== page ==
Stop signs may be more useful than just a spot to stop.
Enhanced 911 signs in Crow Wing County may be placed on top of the signs to save money for residents.
Duane Blanck, county engineer, told the Crow Wing County Board Tuesday that signing needs to be determined on how the highway staff will construct the signs. Placing the E-911 signs on stop signs would hold down the costs.
In 1997, the board established an addressing system for E-911 signs to help emergency vehicles find locations more quickly. The signs would have four-inch letters or numbers on a six-inch plate, so people will easily see the road sign. The sign could be placed on top of a stop sign or if there is no stop sign it would be a sign by itself.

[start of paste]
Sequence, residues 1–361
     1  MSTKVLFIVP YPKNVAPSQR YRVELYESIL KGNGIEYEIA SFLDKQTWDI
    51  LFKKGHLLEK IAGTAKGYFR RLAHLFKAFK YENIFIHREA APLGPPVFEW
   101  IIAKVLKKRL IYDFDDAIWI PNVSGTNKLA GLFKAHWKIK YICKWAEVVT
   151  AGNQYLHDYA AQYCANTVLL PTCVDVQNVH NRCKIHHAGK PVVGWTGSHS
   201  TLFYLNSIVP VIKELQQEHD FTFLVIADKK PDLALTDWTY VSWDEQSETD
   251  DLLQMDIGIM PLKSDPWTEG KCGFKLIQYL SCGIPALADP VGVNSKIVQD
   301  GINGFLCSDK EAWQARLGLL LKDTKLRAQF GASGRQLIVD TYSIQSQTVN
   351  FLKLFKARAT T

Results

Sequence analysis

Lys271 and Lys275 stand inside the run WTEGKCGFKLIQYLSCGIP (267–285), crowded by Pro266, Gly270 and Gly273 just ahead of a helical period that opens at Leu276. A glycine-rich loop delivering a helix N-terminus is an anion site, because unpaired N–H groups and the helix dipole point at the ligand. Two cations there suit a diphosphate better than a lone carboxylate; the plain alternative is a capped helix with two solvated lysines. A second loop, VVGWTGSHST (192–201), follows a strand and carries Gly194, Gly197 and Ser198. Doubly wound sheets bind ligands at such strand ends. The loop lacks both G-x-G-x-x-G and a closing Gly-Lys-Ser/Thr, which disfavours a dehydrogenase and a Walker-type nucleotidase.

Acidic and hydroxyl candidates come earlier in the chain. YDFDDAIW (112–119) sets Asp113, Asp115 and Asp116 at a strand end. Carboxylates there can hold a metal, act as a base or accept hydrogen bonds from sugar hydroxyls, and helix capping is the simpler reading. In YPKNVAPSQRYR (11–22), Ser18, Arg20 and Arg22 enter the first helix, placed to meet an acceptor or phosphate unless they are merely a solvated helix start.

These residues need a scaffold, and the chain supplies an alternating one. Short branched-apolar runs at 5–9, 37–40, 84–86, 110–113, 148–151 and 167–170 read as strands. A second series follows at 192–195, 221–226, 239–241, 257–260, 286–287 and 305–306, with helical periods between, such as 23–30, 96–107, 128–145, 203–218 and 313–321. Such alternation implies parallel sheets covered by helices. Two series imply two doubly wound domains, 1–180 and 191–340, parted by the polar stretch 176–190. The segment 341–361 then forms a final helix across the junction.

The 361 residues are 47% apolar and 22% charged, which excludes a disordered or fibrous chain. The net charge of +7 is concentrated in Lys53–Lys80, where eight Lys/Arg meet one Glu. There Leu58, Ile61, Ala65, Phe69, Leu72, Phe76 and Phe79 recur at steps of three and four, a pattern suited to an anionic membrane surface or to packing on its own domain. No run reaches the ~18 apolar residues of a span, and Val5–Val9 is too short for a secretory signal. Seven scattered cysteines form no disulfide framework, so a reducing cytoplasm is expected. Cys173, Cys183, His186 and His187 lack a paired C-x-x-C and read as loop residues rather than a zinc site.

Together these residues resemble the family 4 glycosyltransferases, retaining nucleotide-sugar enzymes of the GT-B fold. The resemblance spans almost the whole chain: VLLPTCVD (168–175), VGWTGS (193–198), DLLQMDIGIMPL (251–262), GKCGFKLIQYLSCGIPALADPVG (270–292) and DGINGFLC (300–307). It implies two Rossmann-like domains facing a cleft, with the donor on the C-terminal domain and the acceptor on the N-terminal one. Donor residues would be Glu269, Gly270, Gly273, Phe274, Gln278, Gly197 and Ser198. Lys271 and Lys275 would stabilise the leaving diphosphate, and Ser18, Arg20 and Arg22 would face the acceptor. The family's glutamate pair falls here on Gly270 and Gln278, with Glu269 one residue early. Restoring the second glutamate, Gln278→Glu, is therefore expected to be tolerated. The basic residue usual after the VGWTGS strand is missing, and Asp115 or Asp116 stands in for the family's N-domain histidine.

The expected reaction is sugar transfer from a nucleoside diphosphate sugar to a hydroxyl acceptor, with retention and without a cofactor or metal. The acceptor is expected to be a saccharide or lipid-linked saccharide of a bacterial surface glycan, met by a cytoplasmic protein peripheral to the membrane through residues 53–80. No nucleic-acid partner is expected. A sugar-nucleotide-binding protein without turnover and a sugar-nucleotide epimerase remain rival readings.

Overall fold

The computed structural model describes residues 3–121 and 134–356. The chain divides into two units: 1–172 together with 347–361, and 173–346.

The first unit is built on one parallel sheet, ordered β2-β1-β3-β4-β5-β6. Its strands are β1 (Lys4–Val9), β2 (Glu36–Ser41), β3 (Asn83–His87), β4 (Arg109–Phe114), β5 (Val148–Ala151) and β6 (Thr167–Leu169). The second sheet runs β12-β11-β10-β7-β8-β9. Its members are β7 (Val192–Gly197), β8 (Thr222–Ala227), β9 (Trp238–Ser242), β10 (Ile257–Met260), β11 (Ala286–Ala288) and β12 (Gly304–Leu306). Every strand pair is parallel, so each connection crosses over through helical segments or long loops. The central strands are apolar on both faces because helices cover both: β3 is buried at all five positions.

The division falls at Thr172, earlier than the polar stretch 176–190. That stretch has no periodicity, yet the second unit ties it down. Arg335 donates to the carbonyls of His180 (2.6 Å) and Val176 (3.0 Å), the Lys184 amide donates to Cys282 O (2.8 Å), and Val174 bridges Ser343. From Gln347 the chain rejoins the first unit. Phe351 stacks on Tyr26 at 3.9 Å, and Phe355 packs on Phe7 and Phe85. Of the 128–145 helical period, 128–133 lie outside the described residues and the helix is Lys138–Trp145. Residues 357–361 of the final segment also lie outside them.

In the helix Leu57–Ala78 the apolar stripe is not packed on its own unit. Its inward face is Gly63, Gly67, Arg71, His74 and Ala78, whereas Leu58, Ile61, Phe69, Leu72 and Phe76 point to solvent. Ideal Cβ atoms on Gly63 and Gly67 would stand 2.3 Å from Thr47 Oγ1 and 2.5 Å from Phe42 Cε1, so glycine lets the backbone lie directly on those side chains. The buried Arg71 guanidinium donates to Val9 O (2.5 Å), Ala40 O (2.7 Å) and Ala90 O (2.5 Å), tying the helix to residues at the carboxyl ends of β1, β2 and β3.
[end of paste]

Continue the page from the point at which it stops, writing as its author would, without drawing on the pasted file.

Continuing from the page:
"If a driver is in a 55 miles per hour zone, in reality they are going 75 and they would have no time to see the signs," Commissioner James Hill said.
Blanck said if a person is looking for a certain road, such as an ambulance driver, they will slow down to find the street.
The county approved an E-911 sign agreement and townships may have to pay for street signs that would cost between $114,000 to $200,000. Eventually money will be reimbursed to the townships. Commissioners noted the townships can levy in March and get funding in July 2001.
There are 2,500 intersections in the county to install street signs at about $60 at each intersection. The signs will be placed back to back to save additional money.
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